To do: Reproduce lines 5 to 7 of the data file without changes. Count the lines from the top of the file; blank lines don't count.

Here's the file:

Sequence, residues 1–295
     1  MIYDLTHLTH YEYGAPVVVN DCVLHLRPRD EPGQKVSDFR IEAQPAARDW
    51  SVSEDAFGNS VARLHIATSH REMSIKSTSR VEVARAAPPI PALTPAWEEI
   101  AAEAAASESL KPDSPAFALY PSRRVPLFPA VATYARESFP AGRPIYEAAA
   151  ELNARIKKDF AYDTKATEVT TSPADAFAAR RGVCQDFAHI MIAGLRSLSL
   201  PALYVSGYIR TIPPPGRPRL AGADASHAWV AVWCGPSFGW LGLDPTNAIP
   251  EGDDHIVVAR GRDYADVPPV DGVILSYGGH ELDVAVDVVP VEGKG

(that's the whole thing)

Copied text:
   151  ELNARIKKDF AYDTKATEVT TSPADAFAAR RGVCQDFAHI MIAGLRSLSL
   201  PALYVSGYIR TIPPPGRPRL AGADASHAWV AVWCGPSFGW LGLDPTNAIP
   251  EGDDHIVVAR GRDYADVPPV DGVILSYGGH ELDVAVDVVP VEGKG